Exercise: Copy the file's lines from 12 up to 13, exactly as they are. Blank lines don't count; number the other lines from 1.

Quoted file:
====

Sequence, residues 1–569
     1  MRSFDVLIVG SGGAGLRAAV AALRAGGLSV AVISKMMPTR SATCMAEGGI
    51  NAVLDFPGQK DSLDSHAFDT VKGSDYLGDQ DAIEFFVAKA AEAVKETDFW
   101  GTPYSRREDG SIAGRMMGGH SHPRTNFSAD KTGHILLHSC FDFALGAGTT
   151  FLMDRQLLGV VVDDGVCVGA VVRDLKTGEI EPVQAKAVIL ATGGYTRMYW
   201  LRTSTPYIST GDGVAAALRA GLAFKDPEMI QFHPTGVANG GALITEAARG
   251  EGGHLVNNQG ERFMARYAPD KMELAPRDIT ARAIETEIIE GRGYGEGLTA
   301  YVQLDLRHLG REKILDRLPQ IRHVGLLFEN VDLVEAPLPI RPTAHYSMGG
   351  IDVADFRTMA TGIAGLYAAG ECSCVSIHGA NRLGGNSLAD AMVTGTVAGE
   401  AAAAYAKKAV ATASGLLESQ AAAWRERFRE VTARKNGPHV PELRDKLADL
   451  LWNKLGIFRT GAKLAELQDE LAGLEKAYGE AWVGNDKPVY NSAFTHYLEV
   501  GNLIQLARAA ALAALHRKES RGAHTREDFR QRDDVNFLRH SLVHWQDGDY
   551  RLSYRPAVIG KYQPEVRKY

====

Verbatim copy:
   501  GNLIQLARAA ALAALHRKES RGAHTREDFR QRDDVNFLRH SLVHWQDGDY
   551  RLSYRPAVIG KYQPEVRKY